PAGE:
By Jennifer Hinkel, NCCN e-Bulletin Editor-in-Chief
The landscape for oncology reimbursement continues to present challenges for physicians and practices as both Medicare and private payors look at ways to more closely manage spending for cancer care. On October 30, the Centers for Medicare and Medicaid Services (CMS) issued its 2010 physician fee schedule, which included cuts to reimbursement for oncology services, including a one percent cut to reimbursement in 2010 as the beginning of an overall six percent reduction over four years.1 At the same time, private payors are increasingly looking to control oncology spending through pre-authorization and other mechanisms that may not only reduce reimbursement but also increase the administrative burden placed on oncology practices.2
Physicians, pharmacists, nurses, and other clinicians practicing in a variety of settings have communicated to NCCN that reimbursement issues are becoming ever more time-consuming and challenging. Some community oncologists have reported employing a full-time staff member in their practice dedicated solely to dealing with payor interactions, including obtaining pre-authorization and pre-certification when required for reimbursement. These anecdotal reports are supported by recent data indicating that nursing staff in specialty physician offices spend close to 20 hours per week interacting with health plans and managed care organizations, while clerical staff spend more than 30 hours per week interacting with health plans.3 Apart from the administrative burden caused by reimbursement processes, these requirements may slow patients' access to oncology care, as in some cases a practice is not able to start treating a patient until necessary approvals are received from a patient's managed care organization. Reimbursement also featured in discussions at recent NCCN Academy programs, as speakers and participants recognized challenges associated with reimbursement as ever-growing hurdles to providing care. From those discussions, reimbursement was identified as an area where multiple stakeholders should work together to improve the current processes.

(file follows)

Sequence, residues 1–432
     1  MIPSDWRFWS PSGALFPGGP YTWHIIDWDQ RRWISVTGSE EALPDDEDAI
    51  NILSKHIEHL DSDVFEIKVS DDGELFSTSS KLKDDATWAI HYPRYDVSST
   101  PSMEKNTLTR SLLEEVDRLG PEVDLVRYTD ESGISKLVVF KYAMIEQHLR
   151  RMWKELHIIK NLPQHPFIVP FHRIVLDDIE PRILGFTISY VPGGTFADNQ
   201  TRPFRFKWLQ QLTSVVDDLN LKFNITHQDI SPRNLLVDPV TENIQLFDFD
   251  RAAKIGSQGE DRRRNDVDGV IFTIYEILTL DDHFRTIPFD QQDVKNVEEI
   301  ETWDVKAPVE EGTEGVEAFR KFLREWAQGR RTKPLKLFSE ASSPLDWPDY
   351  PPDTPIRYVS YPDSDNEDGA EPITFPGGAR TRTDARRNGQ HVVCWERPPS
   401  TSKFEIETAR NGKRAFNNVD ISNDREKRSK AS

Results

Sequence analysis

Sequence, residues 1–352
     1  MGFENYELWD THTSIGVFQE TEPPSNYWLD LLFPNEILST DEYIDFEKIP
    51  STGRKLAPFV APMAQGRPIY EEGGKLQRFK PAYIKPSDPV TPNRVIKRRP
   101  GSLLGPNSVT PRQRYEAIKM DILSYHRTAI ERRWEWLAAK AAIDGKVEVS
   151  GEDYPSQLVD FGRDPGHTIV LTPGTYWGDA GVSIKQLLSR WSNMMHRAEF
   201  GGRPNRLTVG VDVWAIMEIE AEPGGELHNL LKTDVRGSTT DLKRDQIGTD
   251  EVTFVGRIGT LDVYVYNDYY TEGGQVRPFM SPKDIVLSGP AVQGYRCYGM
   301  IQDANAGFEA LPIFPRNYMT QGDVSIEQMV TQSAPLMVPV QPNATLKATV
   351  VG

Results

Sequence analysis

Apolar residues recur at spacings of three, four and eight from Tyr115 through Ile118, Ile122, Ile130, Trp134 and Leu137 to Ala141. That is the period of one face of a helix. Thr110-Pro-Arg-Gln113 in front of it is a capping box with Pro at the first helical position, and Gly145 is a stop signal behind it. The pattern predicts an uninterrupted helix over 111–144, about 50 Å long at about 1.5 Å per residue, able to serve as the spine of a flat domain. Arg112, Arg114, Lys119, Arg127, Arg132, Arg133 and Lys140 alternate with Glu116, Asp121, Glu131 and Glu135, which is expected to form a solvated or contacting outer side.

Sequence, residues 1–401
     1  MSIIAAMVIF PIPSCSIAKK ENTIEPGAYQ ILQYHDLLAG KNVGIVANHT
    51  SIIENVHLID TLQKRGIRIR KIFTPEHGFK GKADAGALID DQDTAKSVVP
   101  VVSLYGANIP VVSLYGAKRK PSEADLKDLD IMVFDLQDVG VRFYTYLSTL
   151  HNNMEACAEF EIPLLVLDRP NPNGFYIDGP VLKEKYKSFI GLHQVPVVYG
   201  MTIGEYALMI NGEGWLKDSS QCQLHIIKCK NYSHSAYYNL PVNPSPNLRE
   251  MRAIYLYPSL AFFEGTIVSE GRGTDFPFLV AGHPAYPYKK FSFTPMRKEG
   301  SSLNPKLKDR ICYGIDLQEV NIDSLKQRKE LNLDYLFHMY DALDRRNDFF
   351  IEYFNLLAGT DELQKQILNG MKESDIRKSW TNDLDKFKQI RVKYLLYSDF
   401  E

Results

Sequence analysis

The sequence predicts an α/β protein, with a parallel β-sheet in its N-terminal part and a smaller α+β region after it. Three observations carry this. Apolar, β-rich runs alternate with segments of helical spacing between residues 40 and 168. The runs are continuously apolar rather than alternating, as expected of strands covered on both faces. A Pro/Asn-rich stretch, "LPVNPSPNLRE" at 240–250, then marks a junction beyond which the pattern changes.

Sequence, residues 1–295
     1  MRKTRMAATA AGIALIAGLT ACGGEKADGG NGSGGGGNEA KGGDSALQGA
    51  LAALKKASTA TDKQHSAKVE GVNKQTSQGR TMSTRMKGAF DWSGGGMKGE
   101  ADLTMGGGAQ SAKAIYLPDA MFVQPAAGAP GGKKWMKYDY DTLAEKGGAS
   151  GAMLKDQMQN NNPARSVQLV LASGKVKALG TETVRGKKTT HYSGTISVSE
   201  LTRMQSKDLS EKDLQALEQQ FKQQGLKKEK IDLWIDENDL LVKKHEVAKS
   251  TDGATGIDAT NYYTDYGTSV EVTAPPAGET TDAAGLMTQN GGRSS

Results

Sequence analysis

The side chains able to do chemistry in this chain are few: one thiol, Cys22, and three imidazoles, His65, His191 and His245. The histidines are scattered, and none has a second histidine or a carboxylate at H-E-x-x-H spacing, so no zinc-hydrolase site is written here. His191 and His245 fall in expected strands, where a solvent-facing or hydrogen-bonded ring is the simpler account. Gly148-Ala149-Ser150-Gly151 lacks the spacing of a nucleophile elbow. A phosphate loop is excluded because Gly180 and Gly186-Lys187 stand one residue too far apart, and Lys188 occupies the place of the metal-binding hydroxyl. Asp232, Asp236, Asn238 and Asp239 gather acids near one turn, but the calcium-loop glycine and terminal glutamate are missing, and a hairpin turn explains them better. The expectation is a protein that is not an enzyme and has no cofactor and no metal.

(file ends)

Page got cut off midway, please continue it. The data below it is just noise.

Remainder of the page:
As a response to these ongoing challenges, NCCN is introducing a new resource, the NCCN Reimbursement Resource Room, at the NCCN 15th Annual Conference to help oncologists address reimbursement challenges. The NCCN Reimbursement Resource Room will be a dedicated location where clinicians can visit and learn about reimbursement help and services available from industry. In the Reimbursement Resource Room, industry professionals who are knowledgeable about reimbursement programs and services and who interact with managed care will be available for individual discussions regarding various programs to help mitigate reimbursement challenges and better ensure that physicians are able to provide patients with access to appropriate oncology care.
For information on how to participate in the NCCN Reimbursement Resource Room, click here.
1. Nussbaum, Alex. “Medicare Eases Next Year's Cuts for Heart, Cancer Specialists.” Bloomberg.com. 2009 October 31. Accessed online at: http://www.bloomberg.com/apps/news?pid=20601103&sid=afBAqGPJb1HM
2. Managed Care and Medical Oncology: Cancer is Now on the Table. NCCN Oncology Insights Report 1, 2009 Available by request at: http://www.nccn.org/network/business_insights/oncology_trends/default.asp
3. Casalino LP et al. “What Does It Cost Physician Practices to Interact with Health Insurance Plans?” Health Affairs. 2009 May 14; Web exclusive: w534.